Non-Constituency Member of Parliament (NCMP) scheme

The Non-constituency Member of Parliament (NCMP) scheme was introduced in 1984 to ensure that there would always be a minimum number of opposition members represented in parliament. Under the scheme, the losing opposition candidates with the highest percentage of votes secured during a general election, subject to a minimum of 15 percent of votes cast, can be offered seats in parliament if the number of elected opposition candidates falls short of the minimum number.1 In January 2016, Prime Minister Lee Hsien Loong announced that the minimum number of opposition members of parliament (MPs) would be raised from nine to 12 from the next general election, and that NCMPs would have the same voting rights as elected MPs.2

History
In 1984, then Prime Minister Lee Kuan Yew proposed amendments to the constitution and the Parliamentary Elections Act to allow representation of a minimum of three opposition MPs, up to a maximum of six, in parliament.3 In proposing the change, Lee argued that having NCMPs would enable younger Singaporeans, who had not witnessed first-hand the divisive politics of the 1950s and 1960s, to learn about constitutional opposition and what an opposition in parliament can do. In addition, the NCMP scheme would provide valuable training for the younger ministers and MPs by helping to hone their debating skills as they engaged with opposition MPs in parliament.4


The proposal drew criticism from opposition political parties who thought that the scheme was a ploy by the ruling People’s Action Party (PAP) to dissuade the people from voting for the opposition. They called the NCMP scheme a back door into parliament and felt that no self-respecting opposition candidate should enter parliament through this mean. Some MPs also criticised the scheme, saying that it “diminish[ed] the democratic process in Singapore” and that opposition MPs should be “elected, not chosen from among the losers” and earn their seats on their own merit.5

The proposed changes to the constitution and the Parliamentary Elections Act were finally passed in parliament on 25 July 1984.Following the general election of December 1984, opposition candidates Chiam See Tong of the Singapore Democratic Party and J. B. Jeyaretnam of the Workers’ Party were voted into parliament as MPs for Potong Pasir and Anson respectively, thus making one NCMP seat available.7 This seat was offered to M. P. D. Nair of the Workers’ Party, who had polled the highest number of votes among the losers in the opposition. After Nair turned it down, the seat was offered to Tan Chee Kien of the Singapore United Front who also did not take it up, leaving the NCMP seat vacant until the next general election.8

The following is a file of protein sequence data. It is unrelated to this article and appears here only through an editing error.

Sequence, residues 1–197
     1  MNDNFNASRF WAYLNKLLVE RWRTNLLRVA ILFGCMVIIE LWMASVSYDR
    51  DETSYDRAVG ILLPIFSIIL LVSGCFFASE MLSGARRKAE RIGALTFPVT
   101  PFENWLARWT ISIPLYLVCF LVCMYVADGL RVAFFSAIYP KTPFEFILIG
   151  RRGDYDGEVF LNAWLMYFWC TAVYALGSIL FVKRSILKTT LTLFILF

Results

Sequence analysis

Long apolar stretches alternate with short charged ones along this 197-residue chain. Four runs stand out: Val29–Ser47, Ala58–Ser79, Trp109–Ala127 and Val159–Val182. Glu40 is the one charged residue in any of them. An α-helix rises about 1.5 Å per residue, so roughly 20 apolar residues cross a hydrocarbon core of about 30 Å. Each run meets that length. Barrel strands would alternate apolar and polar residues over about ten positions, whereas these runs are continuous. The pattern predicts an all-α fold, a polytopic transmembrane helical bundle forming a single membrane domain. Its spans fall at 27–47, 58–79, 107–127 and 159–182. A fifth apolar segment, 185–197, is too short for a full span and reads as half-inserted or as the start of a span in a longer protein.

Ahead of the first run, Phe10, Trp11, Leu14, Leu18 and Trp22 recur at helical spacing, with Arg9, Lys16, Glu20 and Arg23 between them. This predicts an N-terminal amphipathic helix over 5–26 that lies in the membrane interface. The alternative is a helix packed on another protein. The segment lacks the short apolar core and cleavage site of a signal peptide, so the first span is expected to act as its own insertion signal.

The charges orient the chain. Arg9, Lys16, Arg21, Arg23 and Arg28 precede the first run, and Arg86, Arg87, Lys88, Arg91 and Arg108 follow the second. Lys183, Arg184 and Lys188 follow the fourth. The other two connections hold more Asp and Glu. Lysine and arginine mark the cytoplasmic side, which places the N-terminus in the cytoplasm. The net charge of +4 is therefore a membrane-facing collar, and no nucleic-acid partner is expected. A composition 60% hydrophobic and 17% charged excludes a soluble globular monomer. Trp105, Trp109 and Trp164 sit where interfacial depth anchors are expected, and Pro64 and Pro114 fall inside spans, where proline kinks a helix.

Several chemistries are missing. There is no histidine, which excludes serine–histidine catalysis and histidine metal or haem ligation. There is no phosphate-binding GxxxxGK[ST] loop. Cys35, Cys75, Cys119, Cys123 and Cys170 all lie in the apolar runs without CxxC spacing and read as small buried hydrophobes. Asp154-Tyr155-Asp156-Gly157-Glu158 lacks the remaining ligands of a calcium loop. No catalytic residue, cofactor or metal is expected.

After the 1988 general election, with Chiam re-elected as MP for Potong Pasir and the only opposition MP, two NCMP seats became available.9 These were offered to Workers’ Party candidates Francis Seow and Lee Siew Choh. Both accepted, making them the first two NCMPs.10 Seow was, however, disqualified as an NCMP in December the same year after he was fined for tax evasion.11

Rights, privileges and qualifying criteria
NCMPs are accorded all the rights, privileges, and duties of elected MPs with the exception that they are not entitled to vote in parliament on any motion relating to a bill to amend the constitution; a supply bill, supplementary supply bill or final supply bill; a money bill; a vote of no confidence in the government; and removing the president from office.12


NCMP candidates are subjected to the same qualifying criteria as elected MPs. A person is qualified to be elected or appointed as a MP if:

  • he is a Singapore citizen aged 21 or above on nomination day;
  • he is a resident in Singapore for at least 10 years prior to the date of his nomination;
  • his name appears in the register of electors;
  • he is able to speak, read and write in at least one of the four official languages (English, Malay, Mandarin and Tamil); and
  • he is not disqualified from being an MP under Article 45 of the constitution.13

In addition, NCMP candidates must be a member of a political party and should have polled at least 15 percent of the votes in the constituency they had contested.14 For candidates from a group representation constituency (GRC), the percentage of votes polled by the group is deemed as that polled by each member.15 However, there is a limit to the number of NCMPs that can be appointed in any electoral division. Specifically, there can be no more than two NCMPs from one GRC and no more than one NCMP from an electoral division that is not a GRC.16

Changes
From the initial maximum of six NCMPs when the scheme was introduced in 1984, this number was increased to nine in April 2010, following further amendments to the constitution and the Parliamentary Elections Act. If the number of opposition candidates elected is fewer than nine, the opposition candidates with the highest percentage of votes polled at the general election will be declared as NCMPs to make up the minimum number of opposition MPs. The number of NCMPs is thus determined based on a fixed formula of nine less the number of elected opposition MPs. Previously, the number of NCMPs had to be declared by presidential order after each election, but this requirement was removed in April 2010.17